Does LeBron James Think He Is Bigger Than the NBA?

C. J. KrasykCorrespondent IJuly 7, 2010

BOSTON - MAY 13:  LeBron James #23 of the Cleveland Cavaliers stands by in the fourth quarter against the Boston Celtics during Game Six of the Eastern Conference Semifinals of the 2010 NBA playoffs at TD Garden on May 13, 2010 in Boston, Massachusetts. The Celtics defeated the Cavaliers 94-85.  NOTE TO USER: User Expressly Acknowledges and agrees that, by downloading and or using this photograph, User is consenting to the terms and conditions of the Getty Images License Agreement.  (Photo by Elsa/Getty Images)
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With the LeBron James announcement scheduled for 9 p.m. tomorrow, there is one big question that needs to be asked.

No, it is not, "Where is he going?" That is pure speculation, and the top three are Chicago, New York, and Cleveland. Personally, I think all of those teams have a chance.

The question that needs to be asked is "Does LeBron think he is bigger than the game itself?"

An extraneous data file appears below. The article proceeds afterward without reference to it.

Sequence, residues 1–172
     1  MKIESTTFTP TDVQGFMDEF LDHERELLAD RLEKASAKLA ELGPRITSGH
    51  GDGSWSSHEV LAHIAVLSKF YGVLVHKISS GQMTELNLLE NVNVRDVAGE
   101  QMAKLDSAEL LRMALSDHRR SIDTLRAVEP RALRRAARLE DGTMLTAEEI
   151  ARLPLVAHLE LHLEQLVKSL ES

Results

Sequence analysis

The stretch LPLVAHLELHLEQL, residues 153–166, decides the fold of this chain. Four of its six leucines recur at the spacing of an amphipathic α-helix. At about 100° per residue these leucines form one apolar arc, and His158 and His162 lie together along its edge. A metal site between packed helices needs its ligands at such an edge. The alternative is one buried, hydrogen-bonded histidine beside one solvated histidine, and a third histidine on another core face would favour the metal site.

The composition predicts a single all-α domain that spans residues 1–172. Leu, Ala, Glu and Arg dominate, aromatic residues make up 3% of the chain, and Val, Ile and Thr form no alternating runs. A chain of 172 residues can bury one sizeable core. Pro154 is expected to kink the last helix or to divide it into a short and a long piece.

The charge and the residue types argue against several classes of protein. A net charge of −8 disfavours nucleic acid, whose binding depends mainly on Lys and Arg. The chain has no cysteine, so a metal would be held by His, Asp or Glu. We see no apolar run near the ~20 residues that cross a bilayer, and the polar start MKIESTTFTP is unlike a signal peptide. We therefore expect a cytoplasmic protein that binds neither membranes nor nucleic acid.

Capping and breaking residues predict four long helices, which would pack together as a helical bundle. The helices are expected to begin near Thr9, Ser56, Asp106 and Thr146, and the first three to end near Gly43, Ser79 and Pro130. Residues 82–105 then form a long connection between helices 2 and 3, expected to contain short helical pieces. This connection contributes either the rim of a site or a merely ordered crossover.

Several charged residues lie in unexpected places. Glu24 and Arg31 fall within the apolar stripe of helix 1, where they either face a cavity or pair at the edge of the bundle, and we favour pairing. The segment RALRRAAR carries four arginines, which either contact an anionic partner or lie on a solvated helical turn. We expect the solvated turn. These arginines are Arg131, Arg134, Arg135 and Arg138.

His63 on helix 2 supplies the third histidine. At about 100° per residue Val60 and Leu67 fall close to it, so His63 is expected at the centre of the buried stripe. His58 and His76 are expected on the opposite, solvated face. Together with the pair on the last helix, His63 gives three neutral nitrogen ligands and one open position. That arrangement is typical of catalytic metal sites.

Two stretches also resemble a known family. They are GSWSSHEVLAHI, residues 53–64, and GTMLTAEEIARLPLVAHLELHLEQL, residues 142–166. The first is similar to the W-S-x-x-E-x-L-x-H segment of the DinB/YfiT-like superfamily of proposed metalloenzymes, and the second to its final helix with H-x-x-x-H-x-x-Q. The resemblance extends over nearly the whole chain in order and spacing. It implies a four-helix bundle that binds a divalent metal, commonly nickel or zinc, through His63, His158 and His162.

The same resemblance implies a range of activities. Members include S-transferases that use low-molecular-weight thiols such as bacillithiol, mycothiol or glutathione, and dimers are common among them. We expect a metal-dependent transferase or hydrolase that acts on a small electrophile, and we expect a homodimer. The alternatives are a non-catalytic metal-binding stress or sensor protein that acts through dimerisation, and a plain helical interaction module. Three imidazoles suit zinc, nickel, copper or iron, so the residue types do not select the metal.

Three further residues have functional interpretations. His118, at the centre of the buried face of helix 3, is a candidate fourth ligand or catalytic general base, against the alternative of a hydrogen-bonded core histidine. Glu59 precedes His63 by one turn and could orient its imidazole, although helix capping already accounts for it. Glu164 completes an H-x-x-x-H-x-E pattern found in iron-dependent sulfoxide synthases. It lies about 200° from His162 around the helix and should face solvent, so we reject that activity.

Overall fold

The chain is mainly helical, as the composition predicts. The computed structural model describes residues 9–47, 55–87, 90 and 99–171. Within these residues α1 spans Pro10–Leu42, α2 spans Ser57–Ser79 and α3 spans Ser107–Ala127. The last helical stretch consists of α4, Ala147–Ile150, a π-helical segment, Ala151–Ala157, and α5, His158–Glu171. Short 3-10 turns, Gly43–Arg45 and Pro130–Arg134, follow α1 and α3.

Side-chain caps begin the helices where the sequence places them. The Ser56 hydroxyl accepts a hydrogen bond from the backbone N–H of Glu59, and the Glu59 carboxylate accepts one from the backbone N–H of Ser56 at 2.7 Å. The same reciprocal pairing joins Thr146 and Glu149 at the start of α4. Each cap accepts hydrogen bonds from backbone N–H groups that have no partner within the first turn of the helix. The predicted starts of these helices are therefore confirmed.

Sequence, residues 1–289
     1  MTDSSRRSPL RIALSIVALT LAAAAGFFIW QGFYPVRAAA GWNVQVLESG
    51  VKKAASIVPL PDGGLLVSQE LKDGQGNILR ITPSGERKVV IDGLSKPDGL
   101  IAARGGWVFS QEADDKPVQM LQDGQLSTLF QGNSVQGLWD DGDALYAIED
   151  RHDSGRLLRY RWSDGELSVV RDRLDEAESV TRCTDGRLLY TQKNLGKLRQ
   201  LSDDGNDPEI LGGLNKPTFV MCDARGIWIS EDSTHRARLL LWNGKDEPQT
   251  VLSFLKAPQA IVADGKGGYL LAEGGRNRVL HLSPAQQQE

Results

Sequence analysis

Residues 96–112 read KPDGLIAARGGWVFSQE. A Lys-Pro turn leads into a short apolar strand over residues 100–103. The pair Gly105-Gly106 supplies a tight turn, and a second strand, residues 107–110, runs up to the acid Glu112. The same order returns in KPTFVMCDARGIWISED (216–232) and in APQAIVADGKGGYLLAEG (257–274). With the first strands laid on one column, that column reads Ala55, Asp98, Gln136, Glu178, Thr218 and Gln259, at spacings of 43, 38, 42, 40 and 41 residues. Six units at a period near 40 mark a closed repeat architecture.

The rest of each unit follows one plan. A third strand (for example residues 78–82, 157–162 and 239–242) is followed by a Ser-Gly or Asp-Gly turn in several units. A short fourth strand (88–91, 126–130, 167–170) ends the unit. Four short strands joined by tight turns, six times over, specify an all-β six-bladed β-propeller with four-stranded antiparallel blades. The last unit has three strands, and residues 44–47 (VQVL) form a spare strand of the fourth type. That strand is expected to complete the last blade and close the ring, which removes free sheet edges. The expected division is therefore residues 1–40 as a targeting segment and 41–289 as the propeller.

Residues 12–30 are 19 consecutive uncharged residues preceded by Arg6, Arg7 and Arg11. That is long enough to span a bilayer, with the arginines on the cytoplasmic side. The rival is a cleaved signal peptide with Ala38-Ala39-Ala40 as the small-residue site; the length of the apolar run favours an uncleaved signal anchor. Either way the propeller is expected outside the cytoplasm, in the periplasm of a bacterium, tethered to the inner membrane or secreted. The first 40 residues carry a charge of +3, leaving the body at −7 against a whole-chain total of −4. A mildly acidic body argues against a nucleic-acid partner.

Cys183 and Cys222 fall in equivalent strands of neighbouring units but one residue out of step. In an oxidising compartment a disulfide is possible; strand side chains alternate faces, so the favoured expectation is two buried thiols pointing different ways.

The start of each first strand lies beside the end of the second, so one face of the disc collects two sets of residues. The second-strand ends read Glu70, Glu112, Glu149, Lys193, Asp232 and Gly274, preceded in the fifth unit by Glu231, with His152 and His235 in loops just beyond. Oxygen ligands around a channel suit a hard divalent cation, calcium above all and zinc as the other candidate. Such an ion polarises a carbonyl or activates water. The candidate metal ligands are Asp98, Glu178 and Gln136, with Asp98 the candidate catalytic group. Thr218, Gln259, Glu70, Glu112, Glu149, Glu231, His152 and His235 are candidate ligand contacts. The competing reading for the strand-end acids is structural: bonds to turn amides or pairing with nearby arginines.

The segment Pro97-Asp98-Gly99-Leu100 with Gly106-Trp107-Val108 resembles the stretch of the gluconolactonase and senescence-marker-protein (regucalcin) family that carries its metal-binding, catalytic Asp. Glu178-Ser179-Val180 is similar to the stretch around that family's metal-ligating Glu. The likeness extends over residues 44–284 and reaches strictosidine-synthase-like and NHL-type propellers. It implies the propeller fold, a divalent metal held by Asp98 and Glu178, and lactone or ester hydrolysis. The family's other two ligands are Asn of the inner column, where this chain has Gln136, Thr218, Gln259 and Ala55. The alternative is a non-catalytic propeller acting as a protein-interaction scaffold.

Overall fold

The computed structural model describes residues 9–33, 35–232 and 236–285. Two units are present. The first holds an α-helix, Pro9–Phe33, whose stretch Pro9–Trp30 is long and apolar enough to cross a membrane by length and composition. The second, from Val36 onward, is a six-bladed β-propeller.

I understand that he is the big star in the free agent market and that for a city like Cleveland, everything, including the economy, is at stake.

But seriously, you're holding your announcement during prime time on ESPN and it is going to take an hour? Top football recruits only get, like, five minutes to pick up a hat, and that is on ESPNEWS.

No other free agent has ever done this. Look back at some of the past big free agents in all sports and none have done that. Alex Rodriguez was maybe the closest, and it was not even his choice.

Alex Rodriguez actually told Scott Boras to take a hike after Boras announced that A-Rod was opting out of the last year of his contract during the World Series. A-Rod, knowing that is not how the Yankees like things handled, told Boras to leave and negotiated his contract with the Yankees alone.

Even if this is not LeBron's idea and it is his camp of advisers, maybe he should do what A-Rod did and tell them to take a hike.

While some people will view this a great day and good TV, I don't. I view it as a way that an athlete, who has no championships, tries to put himself above the game.